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St. John's Island

Habitats: Northern edge to western tip and south-western edge with rocky shores, rubbly edges, sparse reef and sparse seagrasses, edged with natural coastal forest. Public swimming lagoons have silty sandy shores with sparse seagrasses. There is a small patch of mangroves in the middle of the eastern part of the island.
1° 13.159'N 103° 50.905'E
55ha, 1.4km x 500m
(from Google Earth and Earth Point)

Facilities: Jetty, public toilet with freshwater, many shelters and picnic benches. Daily ferry service.

Conservation status: Listed for use as 'Open Space' in the URA Master Plan 2008, i.e., "Area to be used or intended to be used as open space" and listed as 'Park/Open Space' in Parks and Waterbodies Plan.

Mentioned in the Singapore Green Plan 2012 under "Marine Nature Areas":

"Singapore’s surrounding waters bustle with large ships and small all hours of the day, but thanks to effective pollution control, they also teem with a rich variety of marine life.

Among our marine treasures are the pockets of coral reefs which flourish to the south of Singapore, in particular around the St John’s Island Group, Pulau Hantu, Pulau Semakau and the Pulau Sudong Island Group. At these marine nature areas, numerous biological communities - corals, sea-grasses, fishes, mangroves, marine mammals, plankton and others - live in an abundance of aquatic harmony. They are a never-ending source of wonderment to divers from Singapore and elsewhere.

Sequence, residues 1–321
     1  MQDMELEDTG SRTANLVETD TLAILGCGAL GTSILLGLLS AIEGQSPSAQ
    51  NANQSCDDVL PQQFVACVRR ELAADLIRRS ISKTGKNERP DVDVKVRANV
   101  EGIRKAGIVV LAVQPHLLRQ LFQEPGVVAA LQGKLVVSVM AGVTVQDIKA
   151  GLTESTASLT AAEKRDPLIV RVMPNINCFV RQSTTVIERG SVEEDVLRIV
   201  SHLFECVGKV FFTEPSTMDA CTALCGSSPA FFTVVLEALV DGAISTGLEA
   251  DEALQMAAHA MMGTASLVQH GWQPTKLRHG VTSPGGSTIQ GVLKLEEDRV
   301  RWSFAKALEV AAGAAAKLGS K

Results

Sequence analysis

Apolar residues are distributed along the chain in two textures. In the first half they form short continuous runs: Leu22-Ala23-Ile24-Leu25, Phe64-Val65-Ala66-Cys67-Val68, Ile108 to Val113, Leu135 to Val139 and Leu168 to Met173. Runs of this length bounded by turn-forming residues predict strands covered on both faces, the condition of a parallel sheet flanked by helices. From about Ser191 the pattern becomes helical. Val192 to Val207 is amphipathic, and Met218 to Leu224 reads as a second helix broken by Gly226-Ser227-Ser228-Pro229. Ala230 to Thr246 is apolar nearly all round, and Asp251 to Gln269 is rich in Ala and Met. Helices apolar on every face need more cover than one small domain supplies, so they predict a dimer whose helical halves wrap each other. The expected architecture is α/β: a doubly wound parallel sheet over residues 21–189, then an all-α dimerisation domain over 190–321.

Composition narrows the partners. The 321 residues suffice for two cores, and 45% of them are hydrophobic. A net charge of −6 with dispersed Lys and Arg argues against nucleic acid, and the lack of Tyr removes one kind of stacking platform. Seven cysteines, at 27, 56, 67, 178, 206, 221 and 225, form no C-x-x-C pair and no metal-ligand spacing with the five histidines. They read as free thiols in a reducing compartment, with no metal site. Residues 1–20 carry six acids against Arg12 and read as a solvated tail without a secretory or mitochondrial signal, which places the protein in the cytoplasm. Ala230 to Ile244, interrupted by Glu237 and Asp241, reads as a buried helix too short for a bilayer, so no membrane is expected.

The government will keep these areas in their natural state for as long as possible."

Current conservation activities: The Tropical Marine Science Institute has facilities at St. John's Island for marine studies and conducts public outreach activities there. The intertidal area is also regularly surveyed by wildsingapore.

Sir Stamford Raffles was believed to have first anchored off this island before taking a smaller vessel to land on the main island. In the 1930's it became a major quarantine station for the large influx of immigrants. Later it was used as a penal settlement for political prisoners and ringleaders of secret societies. In 1975-76, reclamation by PSA at St. John's Island enlarged it by 4ha and it was developed for recreational use with the setting up of holiday camps, chalets and sporting facilities. St. John's Island currently houses several government facilities, but there are still portions of the island accessible to the public.

About the name: St. John's Island was originally called Pulau Sakijang Bandera: Sa=One; Kijang=barking deer; Bandera=a flag. The current name could have been derived from when it was used as a quarantine.

Landscape views of St. John's Island from wildsingapore flickr
Highlights of marine life at St. John's Island from wildsingapore flickr
All photos of St. John's Island from wildsingapore flickr

Blog posts about St. John's Island on wild shores of singapore


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